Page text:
The opinion of the court was delivered by: Scullin, Senior Judge
MEMORANDUM-DECISION AND ORDER
Currently before the Court is Plaintiff's motion for an award of attorney's fees under the Equal Access to Justice Act ("EAJA"), 28 U.S.C. § 2412. See Dkt. No. 18. Defendant opposes the motion on the ground that the government's position was substantially justified. See Dkt. No. 19.
On January 26, 2009, Plaintiff filed a complaint seeking judicial review of Defendant's final decision that denied Plaintiff's claim for benefits. See Dkt. No. 1. Magistrate Judge Bianchini issued a Report and Recommendation in which he recommended that the Court remand Plaintiff's claim for benefits for further proceedings pursuant to 42 U.S.C. § 405(g). See Dkt. No. 15 at 2-3. This Court adopted the Report and Recommendation on June 1, 2010, see Dkt. No. 16, and entered a final judgment in favor of Plaintiff on June 7, 2010, see Dkt. No. 17.
On July 29, 2010, Plaintiff filed a motion seeking an award of attorney's fees in the amount of $6,876.48. See Dkt. No. 18 at 1. This sum represented the 39.4 hours that Plaintiff's attorney expended on this matter in 2009 and 2010 at the hourly rate of $174.53. See Dkt. No. 18-1 at ¶¶ 6-7. In addition, Plaintiff sought an additional $610.86 for the 3.5 hours her attorney expended in replying to Defendant's opposition to this motion. See Dkt. No. 20 at 4.
The EAJA provides that a court shall award to a prevailing party other than the United States fees and other expenses . . . incurred by that party in any civil action . . . brought by or against the United States . . . unless the court finds that the position of the United States was substantially justified or that special circumstances make an award unjust.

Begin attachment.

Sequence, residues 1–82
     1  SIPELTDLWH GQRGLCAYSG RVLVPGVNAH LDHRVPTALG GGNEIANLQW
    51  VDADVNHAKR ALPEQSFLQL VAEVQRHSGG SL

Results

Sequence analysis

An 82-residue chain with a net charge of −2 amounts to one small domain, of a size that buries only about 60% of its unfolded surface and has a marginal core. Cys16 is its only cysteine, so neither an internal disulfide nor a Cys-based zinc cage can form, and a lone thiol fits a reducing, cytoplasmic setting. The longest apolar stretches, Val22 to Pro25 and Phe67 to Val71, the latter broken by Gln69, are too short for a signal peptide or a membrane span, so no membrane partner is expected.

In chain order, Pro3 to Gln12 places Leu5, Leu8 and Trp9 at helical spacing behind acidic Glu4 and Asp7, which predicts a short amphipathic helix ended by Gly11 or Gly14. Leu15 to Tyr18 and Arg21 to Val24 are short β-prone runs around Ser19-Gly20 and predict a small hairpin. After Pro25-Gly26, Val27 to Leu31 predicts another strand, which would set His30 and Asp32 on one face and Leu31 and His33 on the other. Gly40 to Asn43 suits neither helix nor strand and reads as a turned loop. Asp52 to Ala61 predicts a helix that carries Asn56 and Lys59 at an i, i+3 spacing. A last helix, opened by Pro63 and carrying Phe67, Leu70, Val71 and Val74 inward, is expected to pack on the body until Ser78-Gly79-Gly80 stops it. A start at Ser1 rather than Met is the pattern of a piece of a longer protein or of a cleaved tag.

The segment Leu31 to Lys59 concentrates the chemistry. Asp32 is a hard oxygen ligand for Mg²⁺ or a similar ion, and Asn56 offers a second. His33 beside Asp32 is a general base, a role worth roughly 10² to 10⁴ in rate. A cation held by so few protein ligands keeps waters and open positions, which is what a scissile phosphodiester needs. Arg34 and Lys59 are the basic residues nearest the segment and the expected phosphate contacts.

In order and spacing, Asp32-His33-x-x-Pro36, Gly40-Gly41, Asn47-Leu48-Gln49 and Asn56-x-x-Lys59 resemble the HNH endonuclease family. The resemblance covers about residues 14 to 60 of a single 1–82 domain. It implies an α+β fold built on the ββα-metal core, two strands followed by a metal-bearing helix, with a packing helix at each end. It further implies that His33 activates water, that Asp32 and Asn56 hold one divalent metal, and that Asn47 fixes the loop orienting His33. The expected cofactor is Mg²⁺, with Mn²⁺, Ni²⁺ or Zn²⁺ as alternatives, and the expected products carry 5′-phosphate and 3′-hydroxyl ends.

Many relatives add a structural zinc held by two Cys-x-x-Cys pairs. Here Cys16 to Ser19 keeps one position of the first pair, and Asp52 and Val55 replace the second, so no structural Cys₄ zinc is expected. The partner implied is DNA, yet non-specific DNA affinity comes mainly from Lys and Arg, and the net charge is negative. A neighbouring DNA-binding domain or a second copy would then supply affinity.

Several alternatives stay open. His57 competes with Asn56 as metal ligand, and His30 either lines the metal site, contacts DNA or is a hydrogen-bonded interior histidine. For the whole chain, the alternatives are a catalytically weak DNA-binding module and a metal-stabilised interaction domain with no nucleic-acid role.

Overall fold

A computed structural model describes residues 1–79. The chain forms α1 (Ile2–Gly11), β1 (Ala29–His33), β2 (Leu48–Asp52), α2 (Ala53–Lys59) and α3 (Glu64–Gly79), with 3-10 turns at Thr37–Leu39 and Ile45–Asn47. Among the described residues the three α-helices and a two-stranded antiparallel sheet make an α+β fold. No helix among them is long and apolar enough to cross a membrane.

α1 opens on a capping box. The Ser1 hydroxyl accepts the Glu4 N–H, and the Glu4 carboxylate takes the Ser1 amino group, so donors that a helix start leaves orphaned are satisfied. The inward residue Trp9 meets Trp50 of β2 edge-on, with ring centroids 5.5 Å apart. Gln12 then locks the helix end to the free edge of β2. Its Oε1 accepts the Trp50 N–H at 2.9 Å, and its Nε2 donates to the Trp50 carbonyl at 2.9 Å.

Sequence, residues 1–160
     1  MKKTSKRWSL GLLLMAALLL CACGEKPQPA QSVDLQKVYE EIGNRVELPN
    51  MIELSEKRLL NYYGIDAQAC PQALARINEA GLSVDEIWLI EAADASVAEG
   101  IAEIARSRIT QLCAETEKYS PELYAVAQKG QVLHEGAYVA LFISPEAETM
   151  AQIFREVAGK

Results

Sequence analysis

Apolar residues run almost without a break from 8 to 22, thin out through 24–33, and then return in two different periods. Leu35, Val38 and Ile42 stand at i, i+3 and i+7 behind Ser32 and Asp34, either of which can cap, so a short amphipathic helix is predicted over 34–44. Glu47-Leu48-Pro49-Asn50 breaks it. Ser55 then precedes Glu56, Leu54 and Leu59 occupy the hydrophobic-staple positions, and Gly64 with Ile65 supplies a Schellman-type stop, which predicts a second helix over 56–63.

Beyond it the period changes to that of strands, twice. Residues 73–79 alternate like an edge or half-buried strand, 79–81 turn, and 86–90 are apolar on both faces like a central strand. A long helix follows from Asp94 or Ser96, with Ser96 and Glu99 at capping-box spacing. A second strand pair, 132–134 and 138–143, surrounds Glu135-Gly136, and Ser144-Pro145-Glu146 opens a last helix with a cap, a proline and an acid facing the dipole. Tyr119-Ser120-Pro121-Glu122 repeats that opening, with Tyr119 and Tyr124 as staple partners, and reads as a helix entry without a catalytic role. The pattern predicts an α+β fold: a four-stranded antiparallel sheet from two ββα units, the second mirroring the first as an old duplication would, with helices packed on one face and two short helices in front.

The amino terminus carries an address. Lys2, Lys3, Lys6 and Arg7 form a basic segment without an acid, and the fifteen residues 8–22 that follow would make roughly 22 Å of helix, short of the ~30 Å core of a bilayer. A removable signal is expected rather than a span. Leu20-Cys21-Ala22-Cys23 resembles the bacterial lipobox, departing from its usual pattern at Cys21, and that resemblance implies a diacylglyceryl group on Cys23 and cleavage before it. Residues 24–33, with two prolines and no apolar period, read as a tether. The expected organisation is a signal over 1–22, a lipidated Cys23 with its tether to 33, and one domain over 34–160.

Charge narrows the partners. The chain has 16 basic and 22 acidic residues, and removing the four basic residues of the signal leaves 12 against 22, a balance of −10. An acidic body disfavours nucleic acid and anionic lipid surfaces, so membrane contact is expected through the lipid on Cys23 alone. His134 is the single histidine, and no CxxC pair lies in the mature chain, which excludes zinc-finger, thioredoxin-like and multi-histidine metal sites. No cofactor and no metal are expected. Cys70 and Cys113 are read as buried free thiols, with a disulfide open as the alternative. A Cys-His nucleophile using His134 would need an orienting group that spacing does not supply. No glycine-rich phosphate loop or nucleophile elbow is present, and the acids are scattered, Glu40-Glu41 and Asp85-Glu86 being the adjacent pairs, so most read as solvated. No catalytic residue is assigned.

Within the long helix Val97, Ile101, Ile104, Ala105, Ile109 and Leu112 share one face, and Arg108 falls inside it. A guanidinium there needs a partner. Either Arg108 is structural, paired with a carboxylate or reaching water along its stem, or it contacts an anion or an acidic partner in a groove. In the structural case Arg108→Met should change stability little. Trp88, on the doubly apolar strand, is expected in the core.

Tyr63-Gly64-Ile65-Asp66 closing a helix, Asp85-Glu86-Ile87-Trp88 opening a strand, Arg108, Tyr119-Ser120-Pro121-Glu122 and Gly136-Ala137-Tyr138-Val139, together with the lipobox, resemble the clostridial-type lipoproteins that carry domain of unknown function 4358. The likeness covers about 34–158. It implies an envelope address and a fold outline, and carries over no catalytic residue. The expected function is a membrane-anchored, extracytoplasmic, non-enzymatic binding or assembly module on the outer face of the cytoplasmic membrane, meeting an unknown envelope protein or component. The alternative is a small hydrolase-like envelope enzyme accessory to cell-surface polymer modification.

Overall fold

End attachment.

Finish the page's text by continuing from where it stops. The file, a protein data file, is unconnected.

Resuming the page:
28 U.S.C. § 2412(d)(1)(A) (emphasis added).
In order for a party to be awarded attorney's fees under the EAJA, the plaintiff must demonstrate that she (1) is the prevailing party (2) is eligible to receive an award, (3) enumerates the amount she seeks, (4) shows the rate at which she computed the fees, and (5) alleges that the position of the government was not substantially justified. See 28 U.S.C. § 2412(d)(1)(B).
In this case, Plaintiff claims that she should receive an award of attorney's fees under the EAJA because (1) her net worth did not exceed $2,000,000 at the time she filed this action, see Dkt. No. 18-2, Affidavit of Waiver of Direct Payment of EAJA Fees, at ¶ 3; (2) she was a prevailing party in a case against the government, see Dkt. No. 18-1 at ¶ 12(d); and (3) the position of the government was not substantially justified, see id. at ¶ 13.
A. Defendant's position not substantially justified
"The Government bears the burden of showing that its position was 'substantially justified.'" Healey v. Leavitt, 485 F.3d 63, 67 (2d Cir. 2007). To meet this burden, the government "must make a 'strong showing' that its action was 'justified to a degree that could satisfy a reasonable person.'" Id. (quoting Pierce v. Underwood, 487 U.S. 552, 565, 108 S. Ct. 2541, 101 L. Ed. 2d 490 (1988)) (other citations omitted). For the reasons stated in the Court's prior decision remanding ...